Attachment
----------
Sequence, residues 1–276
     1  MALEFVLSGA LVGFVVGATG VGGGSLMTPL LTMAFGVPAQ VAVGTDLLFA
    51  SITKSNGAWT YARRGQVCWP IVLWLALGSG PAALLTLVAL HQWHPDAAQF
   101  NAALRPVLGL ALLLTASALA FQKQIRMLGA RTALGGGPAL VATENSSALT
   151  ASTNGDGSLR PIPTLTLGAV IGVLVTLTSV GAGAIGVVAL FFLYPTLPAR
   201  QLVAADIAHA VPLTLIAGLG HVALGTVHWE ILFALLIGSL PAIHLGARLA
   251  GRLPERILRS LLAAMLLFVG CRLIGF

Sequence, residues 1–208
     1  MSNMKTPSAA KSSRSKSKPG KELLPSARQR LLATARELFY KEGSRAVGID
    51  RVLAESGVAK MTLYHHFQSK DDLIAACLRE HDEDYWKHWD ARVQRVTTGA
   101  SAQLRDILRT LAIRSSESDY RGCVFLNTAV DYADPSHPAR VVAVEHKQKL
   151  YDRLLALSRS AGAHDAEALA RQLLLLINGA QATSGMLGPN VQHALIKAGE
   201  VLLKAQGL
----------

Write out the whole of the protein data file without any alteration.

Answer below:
Sequence, residues 1–276
     1  MALEFVLSGA LVGFVVGATG VGGGSLMTPL LTMAFGVPAQ VAVGTDLLFA
    51  SITKSNGAWT YARRGQVCWP IVLWLALGSG PAALLTLVAL HQWHPDAAQF
   101  NAALRPVLGL ALLLTASALA FQKQIRMLGA RTALGGGPAL VATENSSALT
   151  ASTNGDGSLR PIPTLTLGAV IGVLVTLTSV GAGAIGVVAL FFLYPTLPAR
   201  QLVAADIAHA VPLTLIAGLG HVALGTVHWE ILFALLIGSL PAIHLGARLA
   251  GRLPERILRS LLAAMLLFVG CRLIGF

Sequence, residues 1–208
     1  MSNMKTPSAA KSSRSKSKPG KELLPSARQR LLATARELFY KEGSRAVGID
    51  RVLAESGVAK MTLYHHFQSK DDLIAACLRE HDEDYWKHWD ARVQRVTTGA
   101  SAQLRDILRT LAIRSSESDY RGCVFLNTAV DYADPSHPAR VVAVEHKQKL
   151  YDRLLALSRS AGAHDAEALA RQLLLLINGA QATSGMLGPN VQHALIKAGE
   201  VLLKAQGL